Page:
For fans of Humans of New York and PostSecret, a collection of raw, urgent, and heartfelt stories, shared anonymously. Helena Dea Bala was an exhausted and isolated DC lobbyist, suffocating under the weight of her student loan debt, when she decided to split her lunch with a man who often panhandled near her office. They chatted effortlessly as they ate; there were no half-truths or white lies, and no fear of judgment. Helena felt connected and unburdened in a way she hadn't in years.
Inspired, she posted an ad on Craigslist promising to listen, anonymously and for free, to whatever the speaker felt he or she couldn't tell anyone else. Emails from people desperate to connect flooded her inbox, and she listened. Within months, Helena quit her job, deferred her loans, and dove into listening full time.
The forty first-person confessions in this book are vivid, intimate, and real; they range from devastating traumas, to lost loves, to reflections on hard choices. Some accounts are quotidian, like that of one increasingly estranged husband: "I want to feel that we're not just roommates—that we're not just waiting for the kids to grow up so that we can move on." Others are deeply disconcerting, like that of a sex addict employed by a religious organization and several are heartening, like that of a mother who dares to hope that her daughter, born with life-threatening heart defects, will one day walk down the aisle: "Sometimes you need to have the audacity to believe that it will all be okay, that it is okay to have the same kinds of dreams as everyone else."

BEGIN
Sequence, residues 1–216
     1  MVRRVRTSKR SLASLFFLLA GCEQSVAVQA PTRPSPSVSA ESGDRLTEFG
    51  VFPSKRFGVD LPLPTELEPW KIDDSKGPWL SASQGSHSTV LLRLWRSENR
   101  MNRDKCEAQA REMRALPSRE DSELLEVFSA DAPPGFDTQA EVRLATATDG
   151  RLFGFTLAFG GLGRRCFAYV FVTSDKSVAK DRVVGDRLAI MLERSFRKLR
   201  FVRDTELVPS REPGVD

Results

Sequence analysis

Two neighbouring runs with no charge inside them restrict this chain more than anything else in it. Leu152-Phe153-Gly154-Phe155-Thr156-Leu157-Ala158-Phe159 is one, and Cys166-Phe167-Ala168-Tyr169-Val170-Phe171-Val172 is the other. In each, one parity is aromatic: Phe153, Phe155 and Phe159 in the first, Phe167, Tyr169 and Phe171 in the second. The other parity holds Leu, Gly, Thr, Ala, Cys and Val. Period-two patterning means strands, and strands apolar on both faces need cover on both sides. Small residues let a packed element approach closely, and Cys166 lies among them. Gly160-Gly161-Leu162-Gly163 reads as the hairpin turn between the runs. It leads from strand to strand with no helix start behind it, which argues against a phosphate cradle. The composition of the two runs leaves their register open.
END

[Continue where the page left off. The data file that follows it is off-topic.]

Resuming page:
In its complex portrayal of the common human experience, Craigslist Confessional challenges us to explore the depths of our vulnerability and expand the borders of our empathy.